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Showing posts from November, 2023

MN CropCast: Evaluating the 2023 University of Minnesota corn and soybean varietal trials

In this episode, CropCast hosts Dave Nicolai and Seth Naeve visit with Tom Hoverstad, Researcher at the Southern Research and Outreach Center, Waseca, MN. Tom is one of the authors and researchers of the 2023 Corn Grain Field Crops Trial Results. The Minnesota Corn Evaluation Program is conducted by the University of Minnesota Agricultural Experiment Station to provide unbiased information for corn growers when they choose which brand of corn to purchase and grow. The program is financed in part by entry fees from private seed companies that choose to enter their hybrids and varieties for testing. Tom reviewed the 2023 growing season, corn yields and corn variety selection criteria that he has followed over the years.  In addition, Seth Nave, University of Minnesota Extension soybean agronomist discussed the Minnesota Agricultural Experiment Station performance testing of appropriately adapted public and private soybean entries. Seth reviewed the 2023 soybean growing season as the yiel

Sulfur fertilizer application: Does S carry over from one year to the next?

By: Dan Kaiser, Extension nutrient management specialist Can elemental sulfur (S) supply available S to crops for a longer period of time compared to sulfate sources? An ongoing study is looking at how different sources of sulfur fertilizer behave over time. The sources we are looking at are potassium (K) sulfate, K-MST (Micronized Sulfur Technology), and Tiger 90. Data from 2023 shows some interesting results. Background Sulfur (S) is contained in many forms in the soil but mostly in organic forms that are not plant available. Only sulfate forms of sulfur can be taken up by plants. Similar to nitrate, the sulfate anion is negatively charged, and many consider sulfur to be highly leachable. While movement of sulfur can be rapid in some soils, studies have shown that sulfate can be taken up by a crop one or more years after application. Elemental sulfur has to be oxidized, a process by which microorganisms in the soil convert elemental sulfur to sulfate. Since this process is controlled

Strategic Farming: Let's talk crops! is back for 2024

Photo: Liz Stahl Pull up a chair and join in or bring the conversation with you as you go about your day. Whatever works best for you, join us this winter to discuss some of the key issues and questions around commodity crop production facing Minnesota farmers today through the “Strategic Farming: Let’s Talk Crops” webinar series. This live, online program will provide up-to-date, research-based information to help optimize your crop management strategies for 2024. Sessions will be held over Zoom, which can be accessed via your computer, phone or other mobile device, and run from 9:00 to 10:00 am Wednesdays, January 10 through March 27, 2024. Sessions will be very informal and open to all interested. Each session will start with a brief presentation by the discussion leaders for the day, followed by discussion framed around farmer/participant questions on the topic. Topics and speakers: January 10: Grain prices and marketing strategies given current geopolitics & soybean crush cap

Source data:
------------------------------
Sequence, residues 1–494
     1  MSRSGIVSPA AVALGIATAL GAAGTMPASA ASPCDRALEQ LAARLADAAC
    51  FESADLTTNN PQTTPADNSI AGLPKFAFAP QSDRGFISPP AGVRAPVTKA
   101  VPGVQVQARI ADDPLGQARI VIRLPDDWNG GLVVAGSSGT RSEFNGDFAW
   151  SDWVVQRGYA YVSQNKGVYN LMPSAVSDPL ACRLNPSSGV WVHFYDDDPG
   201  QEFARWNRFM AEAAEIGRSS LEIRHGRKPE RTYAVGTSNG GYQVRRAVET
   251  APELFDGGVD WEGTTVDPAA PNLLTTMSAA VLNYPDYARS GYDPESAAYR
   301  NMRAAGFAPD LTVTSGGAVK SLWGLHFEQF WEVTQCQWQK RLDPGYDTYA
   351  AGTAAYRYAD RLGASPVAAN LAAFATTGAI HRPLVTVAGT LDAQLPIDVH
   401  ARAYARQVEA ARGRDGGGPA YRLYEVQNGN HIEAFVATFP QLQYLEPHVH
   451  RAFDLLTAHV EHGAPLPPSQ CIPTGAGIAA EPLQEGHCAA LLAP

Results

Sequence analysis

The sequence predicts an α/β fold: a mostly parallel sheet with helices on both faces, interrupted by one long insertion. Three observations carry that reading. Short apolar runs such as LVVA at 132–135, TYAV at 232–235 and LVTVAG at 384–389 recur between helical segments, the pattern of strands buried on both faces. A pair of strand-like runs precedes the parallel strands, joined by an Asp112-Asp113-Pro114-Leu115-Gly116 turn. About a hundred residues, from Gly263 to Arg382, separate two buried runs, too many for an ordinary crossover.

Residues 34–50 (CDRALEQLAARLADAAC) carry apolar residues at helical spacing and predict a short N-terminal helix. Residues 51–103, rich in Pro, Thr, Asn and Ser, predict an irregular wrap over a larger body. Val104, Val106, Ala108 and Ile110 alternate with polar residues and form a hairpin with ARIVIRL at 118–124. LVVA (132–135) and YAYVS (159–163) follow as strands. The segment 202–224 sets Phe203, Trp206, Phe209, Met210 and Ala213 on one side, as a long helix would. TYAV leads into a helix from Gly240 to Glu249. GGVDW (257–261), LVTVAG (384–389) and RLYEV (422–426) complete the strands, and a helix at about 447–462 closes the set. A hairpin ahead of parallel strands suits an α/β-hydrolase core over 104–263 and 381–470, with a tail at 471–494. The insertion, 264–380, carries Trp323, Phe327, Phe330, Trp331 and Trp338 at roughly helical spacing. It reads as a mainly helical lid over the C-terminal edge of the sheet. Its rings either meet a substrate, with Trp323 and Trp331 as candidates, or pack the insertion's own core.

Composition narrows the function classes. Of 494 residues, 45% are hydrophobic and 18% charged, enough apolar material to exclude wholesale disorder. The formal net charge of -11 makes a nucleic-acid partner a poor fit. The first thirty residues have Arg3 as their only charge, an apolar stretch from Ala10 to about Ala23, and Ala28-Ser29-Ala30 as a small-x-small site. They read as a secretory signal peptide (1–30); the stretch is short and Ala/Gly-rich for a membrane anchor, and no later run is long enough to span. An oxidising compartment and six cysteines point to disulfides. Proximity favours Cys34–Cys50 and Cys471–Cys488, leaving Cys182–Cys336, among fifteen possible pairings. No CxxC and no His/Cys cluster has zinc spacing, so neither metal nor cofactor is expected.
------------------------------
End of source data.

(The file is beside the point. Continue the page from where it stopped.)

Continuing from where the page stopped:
2023 University of Minnesota variety crop trial results available now

The Minnesota Agricultural Experiment Station (MAES) and the College of Food, Agricultural and Natural Resource Sciences (CFANS) have published the 2023 Minnesota Field Crop Trials. Visit to see variety trials for 8 different Minnesota crops. Crops included in this year’s trial include barley , canola , corn grain , oat , soybean , spring wheat , winter rye , and winter wheat . About the Crop Variety Trials When farmers are ready to make seed choices, the University of Minnesota field crop trials offer unbiased and trustworthy information. The annual Field Crop Trials are one of the key ways MAES works to bring valuable research into the hands of farmers and ultimately help improve farm profitability, improve the economy and overall quality of life in Minnesota. Since the late 1880s, MAES has published reports of crop variety trials but it wasn’t until 1948 that the trials were combined into a single annual publication. Today, the annual field crop trials

How do soil properties evolve over time in subsurface-drained fields?